My friend Rick Schreiber, the master of Jenny Lakein Grand Teton National Park, emailed me saying he saw hoards of lake trout on Jenny yesterday. As you know by now, I have a soft spot for fly fishing for lake trout. My response was simple, “Let’s go.”
Watching was a good idea, the reason being that Rick has only caught two of the lake trout in three trips out for them. For the amount of fish we were viewing I was surprised to hear of their lockjaw. Usually lakers in the shallows in October are gluttons for chartreuse, white or yellow streamers. From my observation of their behavior, all looked normal. I couldn’t understand why they’d be so tough. But after my stogie I tossed my regular lake trout flies for at least two hours with no more than a follow.
Both lakers Rick caught in previous days were after beaching the boat and wading. There’s no doubt that the boat may have been spooking them because it was calm and sunny. But even so, with all these fish he should have stumbled in to more than two. Nevertheless, we gave wading a try.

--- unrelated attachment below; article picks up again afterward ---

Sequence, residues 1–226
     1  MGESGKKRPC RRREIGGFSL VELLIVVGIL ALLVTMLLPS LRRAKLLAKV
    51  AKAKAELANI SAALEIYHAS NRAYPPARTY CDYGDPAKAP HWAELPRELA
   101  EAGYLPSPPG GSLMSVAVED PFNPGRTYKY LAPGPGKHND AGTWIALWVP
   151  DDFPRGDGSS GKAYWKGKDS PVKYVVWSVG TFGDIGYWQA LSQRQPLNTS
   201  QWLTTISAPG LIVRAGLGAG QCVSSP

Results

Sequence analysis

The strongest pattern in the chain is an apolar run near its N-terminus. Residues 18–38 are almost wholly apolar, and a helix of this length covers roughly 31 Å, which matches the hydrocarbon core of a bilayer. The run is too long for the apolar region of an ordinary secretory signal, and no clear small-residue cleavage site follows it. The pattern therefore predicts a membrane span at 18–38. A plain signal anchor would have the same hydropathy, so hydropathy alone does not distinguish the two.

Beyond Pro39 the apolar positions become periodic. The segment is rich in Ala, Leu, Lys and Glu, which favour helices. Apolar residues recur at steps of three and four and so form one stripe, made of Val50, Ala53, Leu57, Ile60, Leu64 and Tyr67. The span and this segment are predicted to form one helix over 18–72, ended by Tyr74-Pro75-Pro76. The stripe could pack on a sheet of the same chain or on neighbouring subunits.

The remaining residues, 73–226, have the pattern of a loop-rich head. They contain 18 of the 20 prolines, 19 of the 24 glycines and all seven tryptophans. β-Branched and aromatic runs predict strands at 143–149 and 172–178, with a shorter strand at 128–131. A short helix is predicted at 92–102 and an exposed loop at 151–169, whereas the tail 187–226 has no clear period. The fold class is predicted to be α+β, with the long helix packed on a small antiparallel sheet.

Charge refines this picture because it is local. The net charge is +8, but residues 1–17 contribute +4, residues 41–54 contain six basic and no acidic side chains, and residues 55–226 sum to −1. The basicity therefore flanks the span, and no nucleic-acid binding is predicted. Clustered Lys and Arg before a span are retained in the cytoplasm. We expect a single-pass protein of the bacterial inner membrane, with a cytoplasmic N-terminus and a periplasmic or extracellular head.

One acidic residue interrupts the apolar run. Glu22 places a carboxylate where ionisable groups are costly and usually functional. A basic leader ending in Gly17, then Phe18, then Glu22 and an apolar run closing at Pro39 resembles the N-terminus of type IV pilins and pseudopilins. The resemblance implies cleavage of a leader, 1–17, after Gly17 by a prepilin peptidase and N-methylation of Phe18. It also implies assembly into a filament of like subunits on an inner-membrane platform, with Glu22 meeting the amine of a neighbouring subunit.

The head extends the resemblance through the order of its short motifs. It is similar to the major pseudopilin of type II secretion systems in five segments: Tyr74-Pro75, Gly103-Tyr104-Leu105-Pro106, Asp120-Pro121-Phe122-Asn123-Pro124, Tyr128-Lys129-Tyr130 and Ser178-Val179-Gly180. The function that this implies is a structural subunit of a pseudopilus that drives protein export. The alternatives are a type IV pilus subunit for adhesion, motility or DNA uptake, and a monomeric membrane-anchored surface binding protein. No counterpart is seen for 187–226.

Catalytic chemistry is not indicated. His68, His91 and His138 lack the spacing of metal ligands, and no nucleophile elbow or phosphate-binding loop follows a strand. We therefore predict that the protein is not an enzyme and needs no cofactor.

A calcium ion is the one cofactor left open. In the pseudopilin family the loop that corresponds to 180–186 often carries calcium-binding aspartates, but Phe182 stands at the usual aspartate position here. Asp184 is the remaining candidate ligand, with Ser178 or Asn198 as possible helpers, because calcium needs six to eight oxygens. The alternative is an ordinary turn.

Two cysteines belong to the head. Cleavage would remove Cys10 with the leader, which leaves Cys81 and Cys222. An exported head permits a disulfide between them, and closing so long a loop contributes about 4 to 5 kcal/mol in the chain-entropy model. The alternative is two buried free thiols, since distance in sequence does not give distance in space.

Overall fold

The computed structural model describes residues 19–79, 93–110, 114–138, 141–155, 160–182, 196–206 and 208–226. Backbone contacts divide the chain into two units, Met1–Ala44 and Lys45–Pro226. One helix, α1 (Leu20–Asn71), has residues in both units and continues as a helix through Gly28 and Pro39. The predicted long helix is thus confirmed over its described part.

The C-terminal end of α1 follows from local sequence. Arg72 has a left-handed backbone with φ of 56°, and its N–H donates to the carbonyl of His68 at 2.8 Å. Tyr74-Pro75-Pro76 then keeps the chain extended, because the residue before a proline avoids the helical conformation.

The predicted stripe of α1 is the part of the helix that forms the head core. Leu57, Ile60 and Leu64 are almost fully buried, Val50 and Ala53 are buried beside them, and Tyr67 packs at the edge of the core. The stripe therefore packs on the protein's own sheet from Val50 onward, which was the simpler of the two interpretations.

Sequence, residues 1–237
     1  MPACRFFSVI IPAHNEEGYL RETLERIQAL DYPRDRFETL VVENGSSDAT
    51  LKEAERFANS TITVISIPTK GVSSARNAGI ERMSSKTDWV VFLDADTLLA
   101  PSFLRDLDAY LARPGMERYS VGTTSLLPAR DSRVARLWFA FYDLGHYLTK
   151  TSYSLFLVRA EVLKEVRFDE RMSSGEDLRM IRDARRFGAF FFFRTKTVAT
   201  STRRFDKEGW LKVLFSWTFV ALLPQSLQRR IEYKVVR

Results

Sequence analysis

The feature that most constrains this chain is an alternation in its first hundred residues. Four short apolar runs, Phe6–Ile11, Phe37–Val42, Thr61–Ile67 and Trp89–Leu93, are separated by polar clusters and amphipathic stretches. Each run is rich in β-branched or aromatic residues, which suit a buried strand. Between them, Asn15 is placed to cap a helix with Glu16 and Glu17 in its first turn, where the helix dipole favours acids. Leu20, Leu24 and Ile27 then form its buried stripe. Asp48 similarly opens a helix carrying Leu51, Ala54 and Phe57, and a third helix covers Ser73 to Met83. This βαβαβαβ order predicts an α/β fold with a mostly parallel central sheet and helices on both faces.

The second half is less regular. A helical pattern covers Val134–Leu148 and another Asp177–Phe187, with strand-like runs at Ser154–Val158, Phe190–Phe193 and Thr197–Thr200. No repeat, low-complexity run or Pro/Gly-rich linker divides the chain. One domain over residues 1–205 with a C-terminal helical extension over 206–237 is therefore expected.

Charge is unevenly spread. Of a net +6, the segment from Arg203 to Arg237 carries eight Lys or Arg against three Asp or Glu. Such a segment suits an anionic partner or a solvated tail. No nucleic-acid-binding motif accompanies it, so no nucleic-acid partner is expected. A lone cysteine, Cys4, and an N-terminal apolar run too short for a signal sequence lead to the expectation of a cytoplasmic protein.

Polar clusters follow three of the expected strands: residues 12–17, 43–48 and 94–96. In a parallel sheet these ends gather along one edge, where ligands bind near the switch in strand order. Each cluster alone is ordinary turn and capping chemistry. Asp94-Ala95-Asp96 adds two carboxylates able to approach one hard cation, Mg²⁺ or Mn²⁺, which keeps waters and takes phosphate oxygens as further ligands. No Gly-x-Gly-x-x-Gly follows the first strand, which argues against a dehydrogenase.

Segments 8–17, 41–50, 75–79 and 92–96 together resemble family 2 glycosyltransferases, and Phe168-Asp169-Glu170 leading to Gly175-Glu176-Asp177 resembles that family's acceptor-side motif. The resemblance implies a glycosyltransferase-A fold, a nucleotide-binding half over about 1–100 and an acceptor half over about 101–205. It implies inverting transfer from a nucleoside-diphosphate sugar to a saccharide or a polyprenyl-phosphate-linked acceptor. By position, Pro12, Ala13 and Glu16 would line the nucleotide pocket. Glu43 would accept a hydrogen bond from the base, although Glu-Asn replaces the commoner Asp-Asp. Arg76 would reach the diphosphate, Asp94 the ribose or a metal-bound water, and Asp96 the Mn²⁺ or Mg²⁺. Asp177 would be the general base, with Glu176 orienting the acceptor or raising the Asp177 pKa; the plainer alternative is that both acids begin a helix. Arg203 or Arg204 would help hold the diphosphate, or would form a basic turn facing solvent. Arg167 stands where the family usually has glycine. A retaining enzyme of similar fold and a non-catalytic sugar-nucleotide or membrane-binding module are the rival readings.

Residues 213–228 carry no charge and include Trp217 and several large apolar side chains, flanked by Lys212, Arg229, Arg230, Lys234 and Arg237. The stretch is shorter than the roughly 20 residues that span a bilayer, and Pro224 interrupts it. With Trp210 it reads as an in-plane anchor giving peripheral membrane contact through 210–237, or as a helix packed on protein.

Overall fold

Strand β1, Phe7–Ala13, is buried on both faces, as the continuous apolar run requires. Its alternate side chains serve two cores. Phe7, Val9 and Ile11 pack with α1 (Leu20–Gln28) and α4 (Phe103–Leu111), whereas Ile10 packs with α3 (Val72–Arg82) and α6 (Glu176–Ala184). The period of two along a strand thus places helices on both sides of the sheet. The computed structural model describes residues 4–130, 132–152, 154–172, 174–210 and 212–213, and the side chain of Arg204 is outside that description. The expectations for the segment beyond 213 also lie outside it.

I’d been fishing a very big chartreuse fly – a Warpath Jig Fly. This is a cumbersome fly to cast from shore with trees behind me so I dropped down to two normal size (size 6) streamers. One was dark olive and one was mahogany in color. They weren’t the norm for lake trout but I had to try something different. I had a Uniform Sink Type 5 Line and targeted the drop off right in front of us where the lake trout were cruising. On about the fifth cast I nailed one and at the same time Rick nailed one too.
We thought we had it dialed but the truth is, over the next two hours we caught a total of about eight more cookie cutter lakers. With the amount of fish around we should have landed 50. Oh, and I snuck in a surprise brook trout. Nonetheless it was an improvement from Ricks previous days and perhaps each upcoming day will get better. What we really need is a change in weather. It’s absolutely too nice for mid October. And maybe when it changes some huge lake trout will appear.